8992 Magnanimity

8992 Magnanimity
Discovery [1]
Discovered byPurple Mountain Obs.
Discovery siteNanking, China
Discovery date14 October 1980
Designations
(8992) Magnanimity
Named after
Magnanimity
(in memory of 9/11)[2]
1980 TE7 · 1954 RE
1980 TJ11 · 1991 TV
main-belt · (inner)[3]
Orbital characteristics[1]
Epoch 4 September 2017 (JD 2458000.5)
Uncertainty parameter 0
Observation arc61.89 yr (22,606 days)
Aphelion2.8916 AU
Perihelion1.8886 AU
2.3901 AU
Eccentricity0.2098
3.70 yr (1,350 days)
39.560°
0° 16m 0.12s / day
Inclination7.9283°
188.65°
133.59°
Physical characteristics
Dimensions6.21 km (calculated)[3]
20.719±0.001 h[a]
0.20 (assumed)[3]
S[3]
13.4[1][3] · 13.70±0.72[4]

8992 Magnanimity, provisional designation 1980 TE7, is a stony asteroid from the inner regions of the asteroid belt, approximately 6 kilometers in diameter.

The asteroid was discovered on 14 October 1980, by a team of astronomers at the Purple Mountain Observatory in Nanking, China.[5] It was named in response to the September 11 attacks.[2]

Orbit and classification[]

Magnanimity orbits the Sun in the inner main-belt at a distance of 1.9–2.9 AU once every 3 years and 8 months (1,350 days). Its orbit has an eccentricity of 0.21 and an inclination of 8° with respect to the ecliptic.[1] In September 1954, it was first identified as 1954 RE at Goethe Link Observatory, extending the body's observation arc by 26 years prior to its official discovery observation at Nanking.[5]

Physical characteristics[]

The Collaborative Asteroid Lightcurve Link assumes a standard albedo for stony asteroids of 0.20 and calculates a diameter of 6.2 kilometers.[3] A rotational lightcurve of Magnanimity was obtained from photometric observations by Czech astronomer Petr Pravec at Ondřejov Observatory in September 2013. It gave a well-defined and longer-than-average rotation period of 20.719 hours with a brightness variation of 0.25 magnitude (U=3).[a]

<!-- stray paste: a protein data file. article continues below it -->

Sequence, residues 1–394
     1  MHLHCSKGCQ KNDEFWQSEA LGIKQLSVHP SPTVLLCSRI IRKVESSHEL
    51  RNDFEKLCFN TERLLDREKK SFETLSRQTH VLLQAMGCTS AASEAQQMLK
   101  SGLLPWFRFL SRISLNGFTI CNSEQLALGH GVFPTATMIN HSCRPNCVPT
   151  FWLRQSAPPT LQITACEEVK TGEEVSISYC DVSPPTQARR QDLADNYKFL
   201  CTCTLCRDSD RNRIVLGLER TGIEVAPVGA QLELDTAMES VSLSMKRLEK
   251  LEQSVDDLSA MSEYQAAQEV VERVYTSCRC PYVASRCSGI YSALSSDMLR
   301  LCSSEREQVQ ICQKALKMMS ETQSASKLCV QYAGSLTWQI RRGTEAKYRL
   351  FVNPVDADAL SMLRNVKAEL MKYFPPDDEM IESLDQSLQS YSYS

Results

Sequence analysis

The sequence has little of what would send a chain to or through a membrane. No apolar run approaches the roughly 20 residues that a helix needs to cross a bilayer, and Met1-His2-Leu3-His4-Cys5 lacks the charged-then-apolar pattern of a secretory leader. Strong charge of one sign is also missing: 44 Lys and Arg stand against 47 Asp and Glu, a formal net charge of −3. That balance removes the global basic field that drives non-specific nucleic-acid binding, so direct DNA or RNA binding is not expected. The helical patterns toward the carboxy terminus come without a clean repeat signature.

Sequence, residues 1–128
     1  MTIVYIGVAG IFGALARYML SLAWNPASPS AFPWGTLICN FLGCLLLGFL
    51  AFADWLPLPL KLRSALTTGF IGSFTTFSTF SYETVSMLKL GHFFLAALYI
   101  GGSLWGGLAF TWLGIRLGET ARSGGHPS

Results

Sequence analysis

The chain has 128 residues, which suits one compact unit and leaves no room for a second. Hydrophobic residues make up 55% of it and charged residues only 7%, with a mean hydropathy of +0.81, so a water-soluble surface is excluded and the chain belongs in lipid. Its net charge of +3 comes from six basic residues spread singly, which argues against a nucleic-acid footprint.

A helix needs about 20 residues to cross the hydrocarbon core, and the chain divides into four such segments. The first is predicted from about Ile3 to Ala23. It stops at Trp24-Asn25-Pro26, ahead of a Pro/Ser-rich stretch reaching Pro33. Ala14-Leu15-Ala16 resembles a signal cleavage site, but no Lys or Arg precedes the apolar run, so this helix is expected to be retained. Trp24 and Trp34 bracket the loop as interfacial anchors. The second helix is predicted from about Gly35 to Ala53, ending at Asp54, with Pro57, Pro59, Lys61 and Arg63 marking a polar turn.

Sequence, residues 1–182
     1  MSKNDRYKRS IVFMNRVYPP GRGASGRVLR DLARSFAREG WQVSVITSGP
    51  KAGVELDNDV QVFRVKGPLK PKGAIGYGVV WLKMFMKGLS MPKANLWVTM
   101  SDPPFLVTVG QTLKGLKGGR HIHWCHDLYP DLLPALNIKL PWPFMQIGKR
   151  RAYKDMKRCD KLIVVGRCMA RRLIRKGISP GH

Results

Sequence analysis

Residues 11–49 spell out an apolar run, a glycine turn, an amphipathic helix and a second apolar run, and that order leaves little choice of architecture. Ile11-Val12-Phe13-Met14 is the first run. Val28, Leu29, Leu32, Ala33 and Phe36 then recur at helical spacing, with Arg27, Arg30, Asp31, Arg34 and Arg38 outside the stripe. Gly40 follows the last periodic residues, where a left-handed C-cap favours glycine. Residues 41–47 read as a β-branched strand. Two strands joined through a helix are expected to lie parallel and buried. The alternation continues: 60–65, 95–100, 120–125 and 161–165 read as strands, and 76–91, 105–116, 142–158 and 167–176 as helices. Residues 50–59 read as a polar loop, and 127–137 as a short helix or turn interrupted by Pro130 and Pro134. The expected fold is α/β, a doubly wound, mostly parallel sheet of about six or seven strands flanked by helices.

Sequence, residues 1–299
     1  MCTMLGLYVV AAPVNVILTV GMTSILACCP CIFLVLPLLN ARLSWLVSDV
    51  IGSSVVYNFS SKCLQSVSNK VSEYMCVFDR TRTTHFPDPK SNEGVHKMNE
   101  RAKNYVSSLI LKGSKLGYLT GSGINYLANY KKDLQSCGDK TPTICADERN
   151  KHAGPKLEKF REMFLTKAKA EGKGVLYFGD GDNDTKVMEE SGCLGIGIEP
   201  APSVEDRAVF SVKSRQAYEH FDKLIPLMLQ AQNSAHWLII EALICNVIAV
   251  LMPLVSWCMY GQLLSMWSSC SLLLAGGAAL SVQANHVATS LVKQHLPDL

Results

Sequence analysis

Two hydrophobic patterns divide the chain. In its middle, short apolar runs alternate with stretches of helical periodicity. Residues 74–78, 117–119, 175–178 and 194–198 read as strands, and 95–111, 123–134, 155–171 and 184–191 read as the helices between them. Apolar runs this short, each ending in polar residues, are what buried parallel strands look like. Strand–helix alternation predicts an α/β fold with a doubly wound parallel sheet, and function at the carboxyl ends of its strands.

Naming[]

This minor planet was named Magnanimity in response to the September 11 attacks. As a commemorative gesture, the IAU's Committee for the Nomenclature of Small Bodies chose three objects discovered from observatories on different continents and christened them with names representing some of the most basic and universal human values. The other two selections were 8990 Compassion (discovered from Europe) and 8991 Solidarity (discovered from South America). The approved naming citation was published by the Minor Planet Center on 2 October 2001 (M.P.C. 43684).[6]

Notes[]

  1. ^ a b Pravec (2013): lightcurve plot of (8992) Magnanimity with a rotation period 20.719±0.001 hours with a brightness amplitude of 0.25 mag. Summary figures at Collaborative Asteroid Lightcurve Link (CALL) and Pravec, P.; Wolf, M.; Sarounova, L. (2013)

References[]

  1. ^ a b c d "JPL Small-Body Database Browser: 8992 Magnanimity (1980 TE7)" (2016-07-27 last obs.). Jet Propulsion Laboratory. Retrieved 22 June 2017.
  2. ^ a b Schmadel, Lutz D. (2007). "(8992) Magnanimity". Dictionary of Minor Planet Names – (8992) Magnanimity. Springer Berlin Heidelberg. p. 674. doi:10.1007/978-3-540-29925-7_7319. ISBN 978-3-540-00238-3.
  3. ^ a b c d e f "LCDB Data for (8992) Magnanimity". Asteroid Lightcurve Database (LCDB). Retrieved 10 July 2016.
  4. ^ Veres, Peter; Jedicke, Robert; Fitzsimmons, Alan; Denneau, Larry; Granvik, Mikael; Bolin, Bryce; et al. (November 2015). "Absolute magnitudes and slope parameters for 250,000 asteroids observed by Pan-STARRS PS1 - Preliminary results". Icarus. 261: 34–47. arXiv:1506.00762. Bibcode:2015Icar..261...34V. doi:10.1016/j.icarus.2015.08.007. Retrieved 10 July 2016.
  5. ^ a b "8992 Magnanimity (1980 TE7)". Minor Planet Center. Retrieved 10 July 2016.
  6. ^ "MPC/MPO/MPS Archive". Minor Planet Center. Retrieved 10 July 2016.

External links[]